If wrestling hadn't worked out, what were you going to fall back on?
I'd probably be in Cleveland, Ohio, running a business like my dad does. He runs a chain of sandwich shops. I'll probably run a couple of those too.
What's the worst injury you've sustained?
The worst injuries are to your head. I got a concussion on WrestleMania 27. I took a tackle off a table and landed on my head on the concrete. It gave me a scare. WWE has an impact assessment and you aren't allowed to work until you pass it. I had a week off, which is scary because you never know what's going to happen.
Your gimmick was to be the most annoying person possible – how did you set about doing that?
Most people backstage will say I'm the most annoying person around – I don't know why. I don't consider myself egotistical or cocky but everyone else does. I'm a good guy. They might cheer for John Cena or CM Punk but they should be cheering for me. I don't know why they don't cheer for me but if they don't like me, then tough.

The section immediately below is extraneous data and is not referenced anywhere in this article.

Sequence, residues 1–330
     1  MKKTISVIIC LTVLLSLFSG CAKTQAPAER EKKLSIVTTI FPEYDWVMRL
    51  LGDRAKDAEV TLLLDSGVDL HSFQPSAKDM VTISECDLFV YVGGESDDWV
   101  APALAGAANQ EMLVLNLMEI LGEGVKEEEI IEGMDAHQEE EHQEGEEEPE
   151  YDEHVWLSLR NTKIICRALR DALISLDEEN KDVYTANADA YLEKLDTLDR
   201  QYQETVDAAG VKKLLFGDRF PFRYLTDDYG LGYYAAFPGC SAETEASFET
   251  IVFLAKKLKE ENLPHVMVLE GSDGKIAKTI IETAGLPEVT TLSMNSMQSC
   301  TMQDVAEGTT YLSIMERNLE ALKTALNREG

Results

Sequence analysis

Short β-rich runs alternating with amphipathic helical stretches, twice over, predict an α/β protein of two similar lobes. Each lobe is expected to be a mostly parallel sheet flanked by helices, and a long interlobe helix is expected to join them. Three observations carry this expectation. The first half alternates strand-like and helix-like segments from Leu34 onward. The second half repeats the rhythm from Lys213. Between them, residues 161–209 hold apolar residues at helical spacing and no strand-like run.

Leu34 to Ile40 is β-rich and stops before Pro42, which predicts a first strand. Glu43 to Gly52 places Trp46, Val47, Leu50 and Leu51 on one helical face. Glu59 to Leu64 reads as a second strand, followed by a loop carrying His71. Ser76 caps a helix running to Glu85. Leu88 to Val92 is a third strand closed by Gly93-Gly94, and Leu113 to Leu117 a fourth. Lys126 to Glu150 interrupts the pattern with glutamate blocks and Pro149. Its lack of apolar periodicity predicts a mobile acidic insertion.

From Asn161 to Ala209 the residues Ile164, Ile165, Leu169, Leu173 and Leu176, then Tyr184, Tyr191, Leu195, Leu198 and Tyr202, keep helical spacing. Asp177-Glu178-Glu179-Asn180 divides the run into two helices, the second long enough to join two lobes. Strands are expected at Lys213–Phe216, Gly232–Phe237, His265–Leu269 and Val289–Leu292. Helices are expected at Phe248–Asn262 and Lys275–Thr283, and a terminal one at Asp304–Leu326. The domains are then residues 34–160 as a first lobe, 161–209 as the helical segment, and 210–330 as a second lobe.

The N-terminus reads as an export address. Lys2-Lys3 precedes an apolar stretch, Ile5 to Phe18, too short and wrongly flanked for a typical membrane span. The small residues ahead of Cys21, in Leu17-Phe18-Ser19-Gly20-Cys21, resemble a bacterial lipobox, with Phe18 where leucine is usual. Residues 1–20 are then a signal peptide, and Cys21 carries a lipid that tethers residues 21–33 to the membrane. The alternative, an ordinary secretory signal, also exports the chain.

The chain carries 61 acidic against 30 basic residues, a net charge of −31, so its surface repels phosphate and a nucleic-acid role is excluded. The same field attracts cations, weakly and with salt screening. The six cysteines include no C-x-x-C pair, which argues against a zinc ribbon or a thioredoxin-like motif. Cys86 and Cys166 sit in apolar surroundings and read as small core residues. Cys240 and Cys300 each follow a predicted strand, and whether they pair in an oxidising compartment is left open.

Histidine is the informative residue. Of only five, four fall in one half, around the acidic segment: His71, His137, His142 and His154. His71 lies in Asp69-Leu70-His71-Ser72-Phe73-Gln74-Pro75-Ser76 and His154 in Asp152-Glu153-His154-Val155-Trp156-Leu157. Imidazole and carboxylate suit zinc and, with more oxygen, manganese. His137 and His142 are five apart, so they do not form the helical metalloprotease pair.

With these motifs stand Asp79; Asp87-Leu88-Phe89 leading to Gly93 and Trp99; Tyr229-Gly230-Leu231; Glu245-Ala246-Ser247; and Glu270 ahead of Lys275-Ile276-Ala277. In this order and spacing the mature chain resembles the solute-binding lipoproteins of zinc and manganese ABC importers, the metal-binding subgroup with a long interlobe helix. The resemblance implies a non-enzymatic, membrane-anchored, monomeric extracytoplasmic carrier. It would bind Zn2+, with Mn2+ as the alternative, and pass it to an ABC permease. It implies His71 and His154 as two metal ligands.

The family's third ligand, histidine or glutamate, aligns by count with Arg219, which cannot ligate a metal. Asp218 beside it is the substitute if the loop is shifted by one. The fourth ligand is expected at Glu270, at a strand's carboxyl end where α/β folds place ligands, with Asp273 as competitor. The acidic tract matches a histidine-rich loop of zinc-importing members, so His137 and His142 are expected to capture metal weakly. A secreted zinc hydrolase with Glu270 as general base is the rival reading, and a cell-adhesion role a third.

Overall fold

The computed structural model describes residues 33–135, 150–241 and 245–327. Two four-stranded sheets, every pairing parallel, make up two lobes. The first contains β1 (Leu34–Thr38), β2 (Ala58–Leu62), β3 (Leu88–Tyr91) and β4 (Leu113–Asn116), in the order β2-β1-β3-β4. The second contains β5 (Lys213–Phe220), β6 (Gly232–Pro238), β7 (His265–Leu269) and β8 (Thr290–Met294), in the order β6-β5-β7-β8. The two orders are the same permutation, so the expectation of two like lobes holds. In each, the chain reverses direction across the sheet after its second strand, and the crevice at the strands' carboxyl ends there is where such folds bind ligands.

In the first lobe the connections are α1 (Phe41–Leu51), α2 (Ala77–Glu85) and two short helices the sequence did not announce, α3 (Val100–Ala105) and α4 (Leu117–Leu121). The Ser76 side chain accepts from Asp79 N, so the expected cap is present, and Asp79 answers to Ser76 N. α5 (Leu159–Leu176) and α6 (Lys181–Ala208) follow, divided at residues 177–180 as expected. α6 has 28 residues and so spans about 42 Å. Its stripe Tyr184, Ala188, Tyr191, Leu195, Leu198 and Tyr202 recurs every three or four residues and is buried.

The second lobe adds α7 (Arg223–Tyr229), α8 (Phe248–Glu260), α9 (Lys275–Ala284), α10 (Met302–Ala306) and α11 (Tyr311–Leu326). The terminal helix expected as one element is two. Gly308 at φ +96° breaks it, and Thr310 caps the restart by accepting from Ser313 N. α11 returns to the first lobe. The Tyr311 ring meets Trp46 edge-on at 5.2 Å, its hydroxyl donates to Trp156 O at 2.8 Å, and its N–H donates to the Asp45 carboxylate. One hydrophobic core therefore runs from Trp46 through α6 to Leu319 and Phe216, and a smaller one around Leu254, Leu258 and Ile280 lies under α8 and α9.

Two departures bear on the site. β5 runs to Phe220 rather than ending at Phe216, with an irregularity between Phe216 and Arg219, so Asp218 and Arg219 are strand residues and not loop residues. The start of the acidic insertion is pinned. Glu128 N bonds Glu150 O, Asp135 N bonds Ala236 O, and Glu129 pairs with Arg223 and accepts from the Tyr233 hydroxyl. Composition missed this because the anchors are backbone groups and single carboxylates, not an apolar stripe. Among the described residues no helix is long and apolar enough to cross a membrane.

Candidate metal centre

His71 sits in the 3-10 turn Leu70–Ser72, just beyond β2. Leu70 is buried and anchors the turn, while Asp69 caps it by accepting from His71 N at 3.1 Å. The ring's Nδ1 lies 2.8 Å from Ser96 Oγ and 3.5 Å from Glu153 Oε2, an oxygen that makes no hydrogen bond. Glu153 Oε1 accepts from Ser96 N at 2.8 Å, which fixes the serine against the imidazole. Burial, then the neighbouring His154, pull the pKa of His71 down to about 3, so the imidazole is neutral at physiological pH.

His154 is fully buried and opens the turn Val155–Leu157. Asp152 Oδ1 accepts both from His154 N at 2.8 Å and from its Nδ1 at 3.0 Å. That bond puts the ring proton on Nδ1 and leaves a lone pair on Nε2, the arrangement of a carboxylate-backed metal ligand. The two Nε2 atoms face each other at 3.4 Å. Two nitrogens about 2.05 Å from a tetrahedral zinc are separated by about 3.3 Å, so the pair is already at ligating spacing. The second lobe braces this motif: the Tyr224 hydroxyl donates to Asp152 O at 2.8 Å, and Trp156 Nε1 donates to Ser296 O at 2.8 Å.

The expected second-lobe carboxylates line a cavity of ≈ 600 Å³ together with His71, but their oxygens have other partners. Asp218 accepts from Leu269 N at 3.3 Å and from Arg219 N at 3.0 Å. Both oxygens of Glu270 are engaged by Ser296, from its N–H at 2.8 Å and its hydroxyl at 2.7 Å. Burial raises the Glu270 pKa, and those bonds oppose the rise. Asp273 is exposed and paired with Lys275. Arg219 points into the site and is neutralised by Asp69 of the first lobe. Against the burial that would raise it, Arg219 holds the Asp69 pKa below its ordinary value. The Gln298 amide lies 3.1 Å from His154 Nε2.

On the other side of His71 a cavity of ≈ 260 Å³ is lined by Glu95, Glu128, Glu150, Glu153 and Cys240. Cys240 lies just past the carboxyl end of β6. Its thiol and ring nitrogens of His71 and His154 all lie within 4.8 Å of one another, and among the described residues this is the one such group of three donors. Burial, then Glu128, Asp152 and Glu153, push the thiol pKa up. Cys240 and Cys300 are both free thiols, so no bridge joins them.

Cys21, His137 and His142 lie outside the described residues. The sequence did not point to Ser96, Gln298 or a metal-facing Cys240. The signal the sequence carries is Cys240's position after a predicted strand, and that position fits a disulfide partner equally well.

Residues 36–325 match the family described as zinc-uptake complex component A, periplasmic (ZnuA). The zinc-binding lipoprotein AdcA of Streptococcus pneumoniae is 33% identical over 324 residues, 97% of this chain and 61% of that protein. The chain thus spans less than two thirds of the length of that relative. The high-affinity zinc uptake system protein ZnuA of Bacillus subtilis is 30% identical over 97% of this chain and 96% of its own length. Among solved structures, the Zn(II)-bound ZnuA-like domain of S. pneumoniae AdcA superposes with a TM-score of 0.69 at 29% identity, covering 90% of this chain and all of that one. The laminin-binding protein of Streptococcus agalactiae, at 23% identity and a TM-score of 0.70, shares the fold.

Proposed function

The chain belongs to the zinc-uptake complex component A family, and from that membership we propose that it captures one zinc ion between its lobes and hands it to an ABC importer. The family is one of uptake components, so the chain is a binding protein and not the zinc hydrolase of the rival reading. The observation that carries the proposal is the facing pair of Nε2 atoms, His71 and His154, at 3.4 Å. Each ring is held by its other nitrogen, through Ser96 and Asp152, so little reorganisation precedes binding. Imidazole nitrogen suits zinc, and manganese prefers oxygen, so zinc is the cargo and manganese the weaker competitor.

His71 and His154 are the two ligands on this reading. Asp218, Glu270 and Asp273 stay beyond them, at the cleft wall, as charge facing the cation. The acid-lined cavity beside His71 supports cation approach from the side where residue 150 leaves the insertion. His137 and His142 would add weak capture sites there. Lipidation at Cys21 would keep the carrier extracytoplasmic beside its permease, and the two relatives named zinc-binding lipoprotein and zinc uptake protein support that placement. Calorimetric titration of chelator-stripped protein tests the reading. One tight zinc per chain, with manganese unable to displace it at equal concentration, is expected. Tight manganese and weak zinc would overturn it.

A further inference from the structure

What's the worst advice you've been given?
I get bad advice all the time but I ignore it. I probably didn't help myself when I first started because I didn't want to wear trunks. I told myself I'd never be the guy wearing trunks in the ring. I didn't want to wear Speedos and be like everyone else but then I realised that, if I wanted to establish myself, I needed to be taken seriously by the audience. So I ditched the gimmicks and went to trunks.
What are people's misconceptions of you?
That I'm awful, I suck, I should quit or get fired, that I don't belong in WWE – I get all these on Twitter all the time, along with: 'Please die, Miz.' The way I look at it is: don't be a bully, be a star. I meet people all the time who rant at me but they've made me who I am today. People always told me I wasn't good enough or athletic enough and proving them wrong is what's fuelled me to achieve what I have.
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